Combat Vets More Likely to Abuse Alcohol than Experience PTSD
Alcohol abuse is the most prevalent mental health disorder experienced by British troops returning from combat, with depression coming in second - An estimated 27.2% of those troops suffer from at least one mental health disorder.
Alcohol abuse and depression are the most commonly experienced mental health disorders experienced by British troops returning from combat – not PTSD as is widely believed.
This information comes from a research study performed by scientists at the King’s Center for Military Health Research, which has been published in the journal, BMC Psychiatry.
To come up with the prevalence rates, the researchers interviewed a random sample of 821 UK combat vets. They found that of returning combat soldiers:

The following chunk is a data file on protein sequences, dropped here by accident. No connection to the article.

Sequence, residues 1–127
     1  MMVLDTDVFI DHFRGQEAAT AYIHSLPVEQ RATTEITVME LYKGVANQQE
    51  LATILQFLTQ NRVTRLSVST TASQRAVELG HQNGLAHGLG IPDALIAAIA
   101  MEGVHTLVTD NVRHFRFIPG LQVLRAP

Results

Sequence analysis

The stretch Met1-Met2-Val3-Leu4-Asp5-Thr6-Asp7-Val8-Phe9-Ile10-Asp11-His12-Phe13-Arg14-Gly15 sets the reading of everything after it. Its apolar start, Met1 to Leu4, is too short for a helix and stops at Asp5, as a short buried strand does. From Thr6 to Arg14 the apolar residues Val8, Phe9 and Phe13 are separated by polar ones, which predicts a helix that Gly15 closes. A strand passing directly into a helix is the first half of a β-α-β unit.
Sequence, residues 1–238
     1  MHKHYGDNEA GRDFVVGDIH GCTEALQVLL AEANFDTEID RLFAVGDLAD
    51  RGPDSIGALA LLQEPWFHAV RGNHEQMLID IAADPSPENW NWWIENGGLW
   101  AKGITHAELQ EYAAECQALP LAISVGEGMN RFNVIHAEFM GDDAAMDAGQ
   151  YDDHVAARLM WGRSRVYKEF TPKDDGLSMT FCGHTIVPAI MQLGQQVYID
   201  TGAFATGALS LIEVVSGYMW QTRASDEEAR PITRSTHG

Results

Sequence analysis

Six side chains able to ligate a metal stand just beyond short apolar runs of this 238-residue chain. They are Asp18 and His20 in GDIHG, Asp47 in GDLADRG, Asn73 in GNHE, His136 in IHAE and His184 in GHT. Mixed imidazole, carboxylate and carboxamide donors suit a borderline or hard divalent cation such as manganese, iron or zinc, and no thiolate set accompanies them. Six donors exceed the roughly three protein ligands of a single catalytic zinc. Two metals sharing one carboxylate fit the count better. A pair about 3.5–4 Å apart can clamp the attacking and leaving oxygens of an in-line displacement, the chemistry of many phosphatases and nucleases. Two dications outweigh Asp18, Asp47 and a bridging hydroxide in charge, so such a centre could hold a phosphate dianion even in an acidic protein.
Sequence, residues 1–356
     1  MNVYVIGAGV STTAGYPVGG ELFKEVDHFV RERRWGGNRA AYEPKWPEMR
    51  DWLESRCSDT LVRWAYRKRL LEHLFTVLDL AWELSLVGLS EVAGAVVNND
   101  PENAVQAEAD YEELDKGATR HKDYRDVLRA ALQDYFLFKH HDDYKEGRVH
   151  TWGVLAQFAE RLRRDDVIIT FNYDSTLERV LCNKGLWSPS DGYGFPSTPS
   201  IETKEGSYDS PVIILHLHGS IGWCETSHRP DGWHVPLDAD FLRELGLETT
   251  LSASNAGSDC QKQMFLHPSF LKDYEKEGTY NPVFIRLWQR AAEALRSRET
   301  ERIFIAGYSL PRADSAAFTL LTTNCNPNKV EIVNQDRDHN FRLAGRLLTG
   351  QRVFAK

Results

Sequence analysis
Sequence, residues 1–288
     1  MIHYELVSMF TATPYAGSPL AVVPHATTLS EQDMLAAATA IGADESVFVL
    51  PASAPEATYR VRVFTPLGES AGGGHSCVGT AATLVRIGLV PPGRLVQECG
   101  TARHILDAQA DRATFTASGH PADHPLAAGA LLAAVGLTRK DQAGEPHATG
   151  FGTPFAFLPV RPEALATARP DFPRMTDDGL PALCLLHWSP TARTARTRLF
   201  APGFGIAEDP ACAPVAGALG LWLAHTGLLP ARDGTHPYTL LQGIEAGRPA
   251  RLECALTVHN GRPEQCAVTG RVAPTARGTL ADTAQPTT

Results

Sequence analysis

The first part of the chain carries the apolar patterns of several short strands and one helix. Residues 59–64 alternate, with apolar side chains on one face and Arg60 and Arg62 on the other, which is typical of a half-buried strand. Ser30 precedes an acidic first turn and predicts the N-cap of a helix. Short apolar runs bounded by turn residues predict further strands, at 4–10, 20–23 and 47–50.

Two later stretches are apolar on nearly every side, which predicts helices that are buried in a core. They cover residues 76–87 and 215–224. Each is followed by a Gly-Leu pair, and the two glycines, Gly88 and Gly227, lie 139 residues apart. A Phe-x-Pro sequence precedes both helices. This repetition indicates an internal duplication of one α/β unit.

- 18% were alcohol abusers
- 13.5% suffered a mood disorder (depression or anxiety)
- 4.8% experienced symptoms of PTSD
- 27.2% suffered at least one mental health disorder
These rates were comparable to those found previously in US soldiers returning from combat.
Dr. Amy Iverson, who led the study, commented on its significance by saying, "Although our perception is that PTSD symptoms are the main source of psychiatric illness in Service personnel, alcohol misuse and depressive disorders are actually much more common. Prevention and intervention in these areas should be high priority."
Soldiers returning from combat areas have higher incidence rates of mental health disorders than soldiers stationed domestically.